Young People

Getting Arrested

 

If a young person is arrested


They will be taken to a police station with a custody area.Getting arrested

 

A custody officer has to authorise the detention and tell the young person their rights and record their personal details.

 

A parent/guardian or an appropriate adult, for young people under 17 years, has to be informed as soon as possible and asked to attend the police station.

 

The following rights apply to a young person when they have been arrested:

 

  • The right to have someone informed of the arrest.
  • The right to consult privately in person or by telephone with a solicitor (independent legal advice available free of charge). If a young person does not know a solicitor there is a duty solicitor scheme that the custody officer can contact, or they can choose one from a directory.
  • The right to consult a copy of the Codes of Practice. This is a book which explains the guidelines police must work to concerning the treatment of people under arrest.
  • A copy of a leaflet that sets out rights, welfare and other entitlements.
  • The young person should be reminded that they are under ‘caution’ and that they are entitled to a copy of the custody record.

What happens next

 
  • Personal property will then be checked and the young person will be searched by a police officer. (Under the Police & Criminal Evidence Act 1984 Code of Practice, a custody officer may authorise a strip search if considered necessary).
  • All property will be logged and some items may be retained, for example, items of value, items that could be used by the young person to harm themselves or others.
  • The young person will sign the custody record and they will be taken to a detention room.
  • If they appear to be injured or suffering from any medical or mental health condition, the police surgeon will be contacted immediately.
  • When an appropriate adult is present the custody sergeant will go through the procedure again so that all parties are aware of their rights. The appropriate adult is also entitled to view the custody record and will be asked to sign it.
  • An interview will follow.
  • If the young person or the appropriate adult have asked for a solicitor, the interview will not usually take place until the solicitor has been spoken to.
  • The interview will usually be tape-recorded.
  • Following the interview, the interviewing officer will then discuss the case with the custody officer who will then decide what action to take.

Different options following arrest

 

No Action


If no further action is proposed, it may mean that there is insufficient evidence to prove guilt. If the offence is a minor, non-recordable offence or it is minor anti-social behaviour, the custody officer may decide to give the young person some firm advice about their future behaviour.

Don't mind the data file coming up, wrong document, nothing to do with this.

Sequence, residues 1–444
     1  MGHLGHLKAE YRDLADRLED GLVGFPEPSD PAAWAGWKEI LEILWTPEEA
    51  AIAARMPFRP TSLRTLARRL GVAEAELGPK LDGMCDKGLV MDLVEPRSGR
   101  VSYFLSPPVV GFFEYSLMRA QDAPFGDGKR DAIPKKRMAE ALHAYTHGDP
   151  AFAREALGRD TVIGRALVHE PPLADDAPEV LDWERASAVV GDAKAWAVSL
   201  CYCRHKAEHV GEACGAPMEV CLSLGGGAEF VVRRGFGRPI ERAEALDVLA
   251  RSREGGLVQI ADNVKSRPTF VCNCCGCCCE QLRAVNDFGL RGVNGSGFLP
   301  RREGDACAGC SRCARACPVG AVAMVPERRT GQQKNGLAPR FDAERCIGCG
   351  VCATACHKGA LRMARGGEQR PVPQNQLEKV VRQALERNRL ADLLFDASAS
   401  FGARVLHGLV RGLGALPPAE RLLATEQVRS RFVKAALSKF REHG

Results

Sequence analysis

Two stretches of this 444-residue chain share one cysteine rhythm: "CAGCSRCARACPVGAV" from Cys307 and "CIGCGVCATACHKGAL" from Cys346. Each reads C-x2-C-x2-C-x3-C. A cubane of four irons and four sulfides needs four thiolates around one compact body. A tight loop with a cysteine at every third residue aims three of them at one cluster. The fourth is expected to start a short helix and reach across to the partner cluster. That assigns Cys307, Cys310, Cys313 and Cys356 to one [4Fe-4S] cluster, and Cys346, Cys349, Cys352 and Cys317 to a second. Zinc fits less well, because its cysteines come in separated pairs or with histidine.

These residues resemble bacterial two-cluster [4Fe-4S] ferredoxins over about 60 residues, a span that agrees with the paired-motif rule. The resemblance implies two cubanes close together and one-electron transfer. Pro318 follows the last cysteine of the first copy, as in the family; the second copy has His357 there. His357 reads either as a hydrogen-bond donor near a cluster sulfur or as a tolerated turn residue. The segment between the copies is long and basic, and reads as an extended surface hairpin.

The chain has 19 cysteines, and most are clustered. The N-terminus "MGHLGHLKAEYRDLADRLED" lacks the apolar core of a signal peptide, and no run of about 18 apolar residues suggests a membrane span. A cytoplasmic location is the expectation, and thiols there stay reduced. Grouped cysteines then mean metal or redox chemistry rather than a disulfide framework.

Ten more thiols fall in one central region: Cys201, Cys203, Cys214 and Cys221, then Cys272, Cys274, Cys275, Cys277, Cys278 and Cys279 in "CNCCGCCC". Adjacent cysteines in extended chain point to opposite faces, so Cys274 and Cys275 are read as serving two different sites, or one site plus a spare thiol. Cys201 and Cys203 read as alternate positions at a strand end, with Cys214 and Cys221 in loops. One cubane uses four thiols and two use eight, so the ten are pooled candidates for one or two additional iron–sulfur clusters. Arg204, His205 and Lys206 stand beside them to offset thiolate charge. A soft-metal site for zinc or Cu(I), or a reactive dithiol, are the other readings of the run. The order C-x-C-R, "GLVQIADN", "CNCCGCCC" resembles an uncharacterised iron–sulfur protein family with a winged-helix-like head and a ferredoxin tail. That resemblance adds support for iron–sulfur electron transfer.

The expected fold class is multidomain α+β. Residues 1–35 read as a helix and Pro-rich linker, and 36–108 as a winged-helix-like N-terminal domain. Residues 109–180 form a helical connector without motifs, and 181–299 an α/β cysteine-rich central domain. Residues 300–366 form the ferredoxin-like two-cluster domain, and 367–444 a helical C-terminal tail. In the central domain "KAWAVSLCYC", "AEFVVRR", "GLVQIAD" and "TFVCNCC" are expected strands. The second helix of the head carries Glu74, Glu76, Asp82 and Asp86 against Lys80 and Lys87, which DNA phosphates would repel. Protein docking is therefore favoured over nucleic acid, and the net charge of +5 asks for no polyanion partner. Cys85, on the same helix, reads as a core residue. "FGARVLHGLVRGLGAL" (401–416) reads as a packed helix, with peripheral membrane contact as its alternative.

Restorative Justice Resolution (RJR)

 

RJR may be administered for some low level offences to first time youth offenders who admit their actions. A formal interview is not required and most RJRs take place without the offender being arrested. Generally, the police will hold a meeting between the offender and the victim. The offender is given the chance to apologise, explain his/her actions and make some form of reparation or repayment. It also gives the victim the opportunity to tell the offender how they have been affected by the offence.

 

A local police record is kept, but the matter is not recorded on PNC (Police National Computer), it will not be disclosed on a CRB (Criminal Records Bureau) check.

 

Reprimand


A reprimand is a formal verbal warning given by a police officer to a young person who admits they are guilty of a minor offence. This is usually given after an RJR.

 

Police Computer records can record the reprimand indefinitely.A young thief could face a criminal record and even time in a Young Offenders' Institution.

 

Final Warning


A final warning is a formal verbal warning given by a police officer to a young person who admits their guilt for a serious offence. This usually comes after an RJR and a reprimand. The above pre-court police action, including reprimand and RJR, are all dependent on the seriousness of the offence committed. For example, if a young person breaks into someone’s house they could go straight to court, with no option of receiving a reprimand or final warning.

 

Police Computer records can record the reprimand indefinitely.

 

Youth justice is like a ladder, where the only way is up. For example, if a young person commits an offence and goes straight to a final warning, you cannot at a later date receive a reprimand.

 

Prosecution


If the young person has been in trouble two or more times with the police, or the offence is very serious, they will be charged and given a date to attend court. They will usually then be bailed from the police station. They may be given conditional bail to prevent them doing something related to the offence (i.e. to be at home between 6pm and 8am).

 

If a young person has their bail refused, for example if they are a persistent young offender or they are a danger to the general public, Children, Schools and Families or Social Workers will usually find alternative accommodation for them rather than keeping them at a police station.

 

Bail for Further Investigation


If the officer in the case has further investigations to complete, the custody officer may decide to bail the young person to return to the police station at a suitable time and date. When the young person answers their bail one of the above options will apply.

 

Definition of a young person


A young person is a person aged 10-17 years. Someone who is actually 17 years does not need an appropriate adult.

 

What is an appropriate adult?


An appropriate adult can be a parent or guardian, a social worker or another responsible adult aged 18 or over, who is not a police officer or employed by the police.